Nobel winner Kailash Satyarthi’s new campaign: to protect children from online abuse

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Children’s campaigner Kailash Satyarthi visited the UAE for a screening of his documentary “The Price of Free”. The film chronicles his 40-year fight against child abuse. (AFP)
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Children’s campaigner Kailash Satyarthi visited the UAE for a screening of his documentary “The Price of Free”. The film chronicles his 40-year fight against child abuse. (AFP)
Updated 08 February 2019
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Nobel winner Kailash Satyarthi’s new campaign: to protect children from online abuse

  • Kailash Satyarthi won global acclaim with his fight against child labor. Now he has a new target — online abuseIndian earned global acclaim for his fight against child labor
  • He spoke to Arab News while in Dubai to promote "The Price of Free"

DUBAI: Clad in a neat white kurta, Kailash Satyarthi comes across as an unassuming man. But when the Nobel Peace Prize winner starts to speak, it is impossible not to be gripped by his story of a four-decade struggle against child labor and slavery.

Earlier this month, the 65-year-old Satyarthi was in the UAE for a private screening of his documentary, “The Price of Free,” winner of the 2018 US Documentary Grand Jury Prize at the Sundance Film Festival.

The film traced his work fighting for children’s rights, but now he has a new aim: A campaign for international laws to protect the young from online abuse and exploitation. 

“The way the Internet and smartphones have penetrated our lives — regardless of whether you are rich or poor — is unbelievable,” he said. “This digital explosion has also led to many serious problems. Online child abuse is certainly one of them.”

Satyarthi has written to political leaders across the world, calling for a new convention on the issue. “Given that online crimes transcend borders, extra-territorial jurisdiction for the proposed law is absolutely essential. We need a dedicated, toll-free international helpline for reporting cases related to online child sexual abuse, under the supervision of the International Criminal Police Organization (Interpol) and other relevant agencies,” he said.

After graduating as an engineer, Satyarthi started campaigning for child rights where he lived, in a small town near Bhopal in central India. “In 1981, a poor Muslim family knocked on my door. They needed help to find their 15-year-old daughter, who was enslaved,” Satyarthi recalled. 

With the help of local villagers and his friends, he worked to have her freed. The family and the girl are still in touch with him: “They are part of my family now.” 

That was where he began. Supported by a group of  fellow activists, he would raid sites where children were forced to work and free them, sometimes with the support of the authorities, but often with only the help of local villagers.

Battling an unresponsive system, he survived multiple attacks, and now travels around the world, throwing his weight behind efforts to free children from forced labor and slavery. In India alone, Satyarthi and his foundation have been credited with freeing 87,000 children.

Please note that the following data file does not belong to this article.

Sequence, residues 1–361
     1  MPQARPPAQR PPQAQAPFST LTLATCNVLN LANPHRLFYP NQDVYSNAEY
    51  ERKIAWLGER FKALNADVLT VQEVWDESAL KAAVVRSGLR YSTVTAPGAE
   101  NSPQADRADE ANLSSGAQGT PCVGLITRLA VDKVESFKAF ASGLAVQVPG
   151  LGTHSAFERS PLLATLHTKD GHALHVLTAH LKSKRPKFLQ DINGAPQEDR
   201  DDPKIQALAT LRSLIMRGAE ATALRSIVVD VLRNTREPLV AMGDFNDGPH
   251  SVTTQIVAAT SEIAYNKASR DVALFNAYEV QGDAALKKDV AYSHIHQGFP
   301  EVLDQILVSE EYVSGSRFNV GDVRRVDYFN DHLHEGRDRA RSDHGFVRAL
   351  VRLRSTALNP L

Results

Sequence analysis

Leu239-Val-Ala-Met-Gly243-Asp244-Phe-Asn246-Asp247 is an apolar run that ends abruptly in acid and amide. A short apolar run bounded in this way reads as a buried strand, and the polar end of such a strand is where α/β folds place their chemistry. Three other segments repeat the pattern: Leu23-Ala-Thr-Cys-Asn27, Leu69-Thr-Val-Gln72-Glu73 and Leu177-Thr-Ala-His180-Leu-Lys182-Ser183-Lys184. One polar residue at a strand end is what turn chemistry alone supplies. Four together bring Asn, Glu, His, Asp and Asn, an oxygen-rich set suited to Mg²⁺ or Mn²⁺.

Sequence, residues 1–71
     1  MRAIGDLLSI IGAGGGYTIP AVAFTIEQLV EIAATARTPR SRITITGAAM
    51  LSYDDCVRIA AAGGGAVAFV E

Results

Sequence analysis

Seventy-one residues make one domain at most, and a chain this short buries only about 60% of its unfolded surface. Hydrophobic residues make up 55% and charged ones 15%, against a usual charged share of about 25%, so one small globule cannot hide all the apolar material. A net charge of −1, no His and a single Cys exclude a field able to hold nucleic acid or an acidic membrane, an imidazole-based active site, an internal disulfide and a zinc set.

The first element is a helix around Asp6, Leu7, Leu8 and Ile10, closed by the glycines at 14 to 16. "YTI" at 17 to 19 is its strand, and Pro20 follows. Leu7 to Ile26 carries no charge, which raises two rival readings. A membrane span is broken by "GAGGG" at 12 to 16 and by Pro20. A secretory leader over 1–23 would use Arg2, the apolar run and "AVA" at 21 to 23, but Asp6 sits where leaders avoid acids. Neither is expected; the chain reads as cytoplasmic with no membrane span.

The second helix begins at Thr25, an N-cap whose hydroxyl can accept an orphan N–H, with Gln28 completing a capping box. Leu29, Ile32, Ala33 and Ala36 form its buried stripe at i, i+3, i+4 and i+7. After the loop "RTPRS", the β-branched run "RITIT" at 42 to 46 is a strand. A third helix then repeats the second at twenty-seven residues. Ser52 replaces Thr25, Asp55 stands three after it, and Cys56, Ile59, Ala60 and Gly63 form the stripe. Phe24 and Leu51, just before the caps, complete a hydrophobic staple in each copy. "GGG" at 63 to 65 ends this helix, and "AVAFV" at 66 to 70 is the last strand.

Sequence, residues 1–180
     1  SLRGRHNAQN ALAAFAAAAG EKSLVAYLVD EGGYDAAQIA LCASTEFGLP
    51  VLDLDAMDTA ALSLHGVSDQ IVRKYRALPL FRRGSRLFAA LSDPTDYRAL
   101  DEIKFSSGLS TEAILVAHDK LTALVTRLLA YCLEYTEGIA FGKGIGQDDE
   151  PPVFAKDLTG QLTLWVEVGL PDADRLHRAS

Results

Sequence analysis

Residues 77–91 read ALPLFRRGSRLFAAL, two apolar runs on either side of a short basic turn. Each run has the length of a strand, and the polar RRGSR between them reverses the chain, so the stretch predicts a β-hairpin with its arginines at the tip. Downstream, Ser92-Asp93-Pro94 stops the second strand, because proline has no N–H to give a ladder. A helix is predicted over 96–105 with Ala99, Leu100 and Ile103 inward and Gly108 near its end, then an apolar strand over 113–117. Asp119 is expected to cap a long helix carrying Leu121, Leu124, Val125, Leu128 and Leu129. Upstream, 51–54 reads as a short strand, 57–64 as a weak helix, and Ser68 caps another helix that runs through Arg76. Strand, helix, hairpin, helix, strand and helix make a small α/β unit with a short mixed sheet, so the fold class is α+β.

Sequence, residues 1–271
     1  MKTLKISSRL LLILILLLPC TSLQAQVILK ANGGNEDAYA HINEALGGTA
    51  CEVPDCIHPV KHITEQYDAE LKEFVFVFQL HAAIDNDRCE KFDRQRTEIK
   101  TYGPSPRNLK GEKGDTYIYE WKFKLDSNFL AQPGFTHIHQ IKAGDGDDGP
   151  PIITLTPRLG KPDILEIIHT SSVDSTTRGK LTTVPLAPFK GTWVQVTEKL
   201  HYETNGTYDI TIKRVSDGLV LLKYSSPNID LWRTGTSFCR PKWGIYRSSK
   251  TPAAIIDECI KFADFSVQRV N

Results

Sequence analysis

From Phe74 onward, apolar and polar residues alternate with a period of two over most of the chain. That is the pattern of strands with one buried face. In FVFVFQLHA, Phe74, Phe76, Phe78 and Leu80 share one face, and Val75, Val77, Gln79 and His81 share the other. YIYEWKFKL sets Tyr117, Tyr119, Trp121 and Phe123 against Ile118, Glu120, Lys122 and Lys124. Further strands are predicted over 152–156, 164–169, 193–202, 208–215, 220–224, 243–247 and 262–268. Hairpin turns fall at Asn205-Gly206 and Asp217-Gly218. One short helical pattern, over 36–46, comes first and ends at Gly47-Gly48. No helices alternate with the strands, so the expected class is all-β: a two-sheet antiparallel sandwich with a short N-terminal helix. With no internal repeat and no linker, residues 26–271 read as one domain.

Children’s campaigner Kailash Satyarthi  with supporters of his advocacy. (AFP)

In 1996, he began a campaign for an international law against child labor. This led to a “Global March Against Child Labor” in 1998, in which he walked 80,000 km across 103 countries. As a result, in 1999, the International Labour Organization (ILO) adopted Convention 182: Prohibition and Immediate Action for the Elimination of the Worst Forms of Child Labor.

Yet, the struggle continues. According to the latest ILO estimates, 152 million children are involved in child labor, including slavery, trafficking, debt bondage and other forms of work, and forced recruitment for armed conflict, prostitution, pornography and other illicit activities.

Even in the Arab world, 1.2 million children are working as child laborers and 616,000 are involved in hazardous work. Despite being the lowest figure of any region in the world, it still means about 3 percent of children are involved in child labor. 

Africa ranks highest, both in the percentage of children in child labor — around 20 percent — and the absolute number of children — 72 million. Asia and the Pacific ranks second highest on both these measures, with 7 percent of all children and 62 million in absolute terms.

Globally, 64 million girls and 88 million boys are still in child labor, accounting for almost 10 percent of all children worldwide. Making things worse, almost half of all them are in hazardous work that threatens their health and safety.

For Satyarthi, though, it is not all bad news. In fact, he has reason to believe that his struggle is bearing fruit. “It has been a long journey, but a fulfilling one. In the year 2000, there were 260 million children working. And in 2018, the number has come down to 152 million,” he said.

According to Satyarthi, child labor is linked to poverty and illiteracy. “If we need to fight against child labor, we need to work on illiteracy and poverty eradication,” he said.